It was April of the year 2013, and I was pretending to work, but actually wasting time, in a dull cubicle of an IT company in Gurgaon.I had just returned from the US last month, and I had told my manager that I needed some time off to set up my place, and adjust to living in India again, following which, I worked from home for a bit.
However, the real problem I had, was the unhappiness resulting from the job I was doing.
Like everyone else, I was also toying with the idea of leaving my job and building a big company, but I have to admit that I did not have the courage. I was in discussions with my good friend Amit, regarding the startup but we were unsure about the product. He also had the similar story with his job. He was heading a team in a recruitment firm, working in night shifts to work with the US clients, and making less money than he expected.
We were very comfortable working with each other, so we decided to start a company and build a product. I had saved a good money by living frugally on my US trip, and hence I decided to put all my savings in my startup, rather than buying a home (unlike many other US returned friends).
The first step we took was incorporating a private limited company, invested 5L each and divided equity equally. It was going to take about two months to get incorporation certificate, so we planned ahead with ideating the product, hiring and setting up the office.
We found a basement office in Gurgaon with monthly rent of Rs. 13,000 rupees. We spent another Rs. 1Lakh on the renovation. We bought furniture, air conditioner, inverter, and refrigerator. We were having a good feeling of owning an office.
After much consideration, we decided that we wanted to solve the problem, related to schools because education is a billion dollar industry. This is where we came up with the idea of ERP for schools. Online software for schools to manage everything from fees, inventory, communication with parents, and tons of other features.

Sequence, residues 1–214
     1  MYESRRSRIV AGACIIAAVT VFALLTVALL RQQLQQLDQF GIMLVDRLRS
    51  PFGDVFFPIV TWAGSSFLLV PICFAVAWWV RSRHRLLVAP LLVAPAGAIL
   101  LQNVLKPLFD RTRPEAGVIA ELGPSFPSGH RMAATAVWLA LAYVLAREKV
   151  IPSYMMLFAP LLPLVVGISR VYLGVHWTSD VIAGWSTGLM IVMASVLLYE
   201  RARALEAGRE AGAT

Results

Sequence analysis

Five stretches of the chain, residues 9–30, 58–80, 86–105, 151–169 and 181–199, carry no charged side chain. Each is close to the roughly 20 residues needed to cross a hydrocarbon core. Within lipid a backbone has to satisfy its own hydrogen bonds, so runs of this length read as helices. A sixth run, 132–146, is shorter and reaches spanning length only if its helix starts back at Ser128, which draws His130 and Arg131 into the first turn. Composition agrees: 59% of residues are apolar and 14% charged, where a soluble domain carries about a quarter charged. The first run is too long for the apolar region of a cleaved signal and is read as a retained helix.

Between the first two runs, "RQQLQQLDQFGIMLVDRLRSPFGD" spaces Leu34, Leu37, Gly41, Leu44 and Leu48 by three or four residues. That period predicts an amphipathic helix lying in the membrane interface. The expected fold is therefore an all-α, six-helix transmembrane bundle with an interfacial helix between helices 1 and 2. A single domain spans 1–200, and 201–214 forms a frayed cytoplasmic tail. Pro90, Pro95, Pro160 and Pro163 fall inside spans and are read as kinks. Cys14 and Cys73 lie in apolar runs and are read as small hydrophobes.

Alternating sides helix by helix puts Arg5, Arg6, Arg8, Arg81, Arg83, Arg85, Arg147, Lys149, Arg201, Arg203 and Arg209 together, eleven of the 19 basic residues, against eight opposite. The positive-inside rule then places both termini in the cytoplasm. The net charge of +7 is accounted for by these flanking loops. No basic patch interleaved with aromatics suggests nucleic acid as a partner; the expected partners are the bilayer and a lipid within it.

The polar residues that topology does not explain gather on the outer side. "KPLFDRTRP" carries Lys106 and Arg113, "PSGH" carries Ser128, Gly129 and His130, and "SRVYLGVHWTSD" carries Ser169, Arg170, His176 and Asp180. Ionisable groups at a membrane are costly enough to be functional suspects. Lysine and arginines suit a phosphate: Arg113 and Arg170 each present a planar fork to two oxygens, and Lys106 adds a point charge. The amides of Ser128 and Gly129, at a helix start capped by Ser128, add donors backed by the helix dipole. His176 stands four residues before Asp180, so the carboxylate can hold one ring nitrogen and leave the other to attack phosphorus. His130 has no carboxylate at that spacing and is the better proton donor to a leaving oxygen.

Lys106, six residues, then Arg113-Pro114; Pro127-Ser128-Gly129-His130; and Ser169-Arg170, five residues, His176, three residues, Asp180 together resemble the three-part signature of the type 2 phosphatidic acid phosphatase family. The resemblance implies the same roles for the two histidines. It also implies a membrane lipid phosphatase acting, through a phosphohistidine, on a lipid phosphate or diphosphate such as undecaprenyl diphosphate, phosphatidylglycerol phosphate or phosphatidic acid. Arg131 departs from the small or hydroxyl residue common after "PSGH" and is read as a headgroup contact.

Another important step for us at that point, was to hire a team. I was confident that we will hire people easily. We had everything for building a good team; an office, money in bank account, hiring policy and most importantly a co-founder with recruitment experience of more than ten years.
We hired one person who was almost a fresher, and he was open to learn new technologies for our cloud-based product. We needed one senior person to own the product and handle all development work because we were still into full-time jobs.
We started interviewing people. My co-founder went through a pile of resumes, since he had access to all the major recruitment portals. We filtered out best out of best people and interviewed them in cafe’s or restaurants because our office was under renovation. We interviewed many people for product development/design but no one was ready to join a startup like us, and frankly, that shocked us.
My co-founder said, “I could have hired ten people for any other company by this time, I am not sure why people are not joining us.”
“Maybe they will join after seeing our new office,” I retorted.
Since we were from the corporate background, we spent few days on drafting new hiring policy. We introduced company incentives based on revenue and individual performance bonus along with basic salary.
Our office was ready by June of that year, and we moved in, picking up our hiring process where we left off. Someone advised me to hire initial teams from the personal network, but none of my friends had a profile that we could use, so I asked all my friends to give me references of their friends working in PHP development or website front-end design.
I got hold of a person who was working in Chandigarh, and he was willing to work with a startup in Gurgaon. We were impressed with his technical capabilities, but doubtful about his managerial and leadership skills. We thought of giving a try (since, no one else was ready to join us, anyway). He was a costly hire. We offered him 60,000 rupees per month, plus company incentives if we made any revenue by the end of the year.
We were feeling lucky with two developers. We desperately needed one designer so that our work can be started. I architect the product and developers started coding without waiting for the front-end design.